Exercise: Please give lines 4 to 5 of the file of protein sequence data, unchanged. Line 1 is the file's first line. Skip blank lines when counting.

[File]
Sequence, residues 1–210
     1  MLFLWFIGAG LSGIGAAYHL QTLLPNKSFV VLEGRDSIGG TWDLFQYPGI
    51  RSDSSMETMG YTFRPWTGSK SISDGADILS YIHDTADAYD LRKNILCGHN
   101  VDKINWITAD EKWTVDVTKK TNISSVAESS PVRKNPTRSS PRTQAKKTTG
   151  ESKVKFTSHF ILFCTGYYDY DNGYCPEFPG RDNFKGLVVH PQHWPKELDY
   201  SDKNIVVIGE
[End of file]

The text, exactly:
   101  VDKINWITAD EKWTVDVTKK TNISSVAESS PVRKNPTRSS PRTQAKKTTG
   151  ESKVKFTSHF ILFCTGYYDY DNGYCPEFPG RDNFKGLVVH PQHWPKELDY